At one-year follow-up, the functional performance tests were repeated and the patient had improved on all functional tasks, with greater acceleration, further improvements on the agility measure, increased squatting depth and increased jump height. All improvements in ROM observed at three months’ post-surgery were maintained at one year and the patient reported no pain or stiffness on any of the test measures. Scores were now comparable to a mean matched, healthy control group, demonstrating restoration of athletic performance.
The benefits of regular participation in sports during adolescence and adulthood are numerous and well documented. Yet the increased focus on success with amplified training and competition schedules has the potential to cost young athletes far more than just time and effort. Injuries in sport are inherent and at times unavoidable but the worrying increase of hip-related issues among young athletes is a growing cause for concern. One of the most recognised sources of chronic hip injury in athletes is known as femoroacetabular impingement (FAI).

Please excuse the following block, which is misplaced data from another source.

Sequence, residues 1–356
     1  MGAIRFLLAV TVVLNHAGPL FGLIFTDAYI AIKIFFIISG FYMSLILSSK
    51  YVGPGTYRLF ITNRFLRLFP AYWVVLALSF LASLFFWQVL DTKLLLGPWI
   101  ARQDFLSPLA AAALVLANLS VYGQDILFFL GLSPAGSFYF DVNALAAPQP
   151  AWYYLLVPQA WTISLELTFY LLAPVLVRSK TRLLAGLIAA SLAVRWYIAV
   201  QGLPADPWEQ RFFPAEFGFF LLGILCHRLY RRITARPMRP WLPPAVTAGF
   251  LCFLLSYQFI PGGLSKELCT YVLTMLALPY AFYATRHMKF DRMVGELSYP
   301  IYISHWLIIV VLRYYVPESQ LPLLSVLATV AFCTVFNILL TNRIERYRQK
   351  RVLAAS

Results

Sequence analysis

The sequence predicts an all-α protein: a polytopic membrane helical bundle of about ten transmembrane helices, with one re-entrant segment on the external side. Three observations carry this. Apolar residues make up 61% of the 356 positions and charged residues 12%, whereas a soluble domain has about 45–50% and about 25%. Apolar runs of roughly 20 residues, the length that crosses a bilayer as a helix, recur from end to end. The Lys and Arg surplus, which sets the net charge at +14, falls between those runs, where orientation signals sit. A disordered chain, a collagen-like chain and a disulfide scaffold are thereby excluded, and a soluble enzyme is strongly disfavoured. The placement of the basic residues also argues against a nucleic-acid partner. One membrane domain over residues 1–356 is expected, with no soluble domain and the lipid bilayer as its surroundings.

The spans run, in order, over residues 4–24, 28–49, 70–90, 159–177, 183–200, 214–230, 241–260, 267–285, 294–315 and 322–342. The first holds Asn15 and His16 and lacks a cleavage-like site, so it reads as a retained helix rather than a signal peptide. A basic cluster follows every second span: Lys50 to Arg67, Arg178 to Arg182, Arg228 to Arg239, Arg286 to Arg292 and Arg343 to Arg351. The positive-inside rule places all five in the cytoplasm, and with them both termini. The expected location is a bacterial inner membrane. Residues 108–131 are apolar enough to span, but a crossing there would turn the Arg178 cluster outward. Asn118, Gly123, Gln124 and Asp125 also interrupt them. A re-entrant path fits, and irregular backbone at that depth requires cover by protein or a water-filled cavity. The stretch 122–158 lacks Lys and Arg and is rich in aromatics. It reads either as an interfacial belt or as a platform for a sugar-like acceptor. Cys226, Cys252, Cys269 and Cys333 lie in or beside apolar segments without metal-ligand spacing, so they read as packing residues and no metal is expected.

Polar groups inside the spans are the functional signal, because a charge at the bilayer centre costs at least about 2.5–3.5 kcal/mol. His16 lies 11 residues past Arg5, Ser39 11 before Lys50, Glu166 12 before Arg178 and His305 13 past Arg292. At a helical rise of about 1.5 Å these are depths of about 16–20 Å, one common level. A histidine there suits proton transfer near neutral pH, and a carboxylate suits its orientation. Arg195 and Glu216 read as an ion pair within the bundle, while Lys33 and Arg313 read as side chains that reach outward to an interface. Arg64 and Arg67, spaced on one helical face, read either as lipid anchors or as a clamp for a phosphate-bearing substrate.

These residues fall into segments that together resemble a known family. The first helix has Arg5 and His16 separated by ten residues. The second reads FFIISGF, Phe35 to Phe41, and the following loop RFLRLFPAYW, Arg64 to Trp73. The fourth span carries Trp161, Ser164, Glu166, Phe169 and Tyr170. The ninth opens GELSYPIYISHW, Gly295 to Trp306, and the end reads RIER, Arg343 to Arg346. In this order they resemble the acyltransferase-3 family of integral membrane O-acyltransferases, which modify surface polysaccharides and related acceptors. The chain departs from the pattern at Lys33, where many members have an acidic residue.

FAI is a motion-related disorder of the hip caused by excessive bone growth on the femoral head/neck junction (CAM impingement) or the rim of the pelvic acetabulum (pincer impingement). Although these deformities may develop in isolation, patients generally present with a combination of both. During movement, this additional bone leads to repeated abnormal contact between the prominent acetabular rim and the abnormal femoral head/neck junction.
Over time, this will lead to degrading of the underlying soft tissue within the joint, namely the labrum and articular cartilage, and the potential to develop osteoarthritis is a major concern. This issue is extremely common among young athletic populations, especially those involved in sports that require a high level of twisting and turning movements.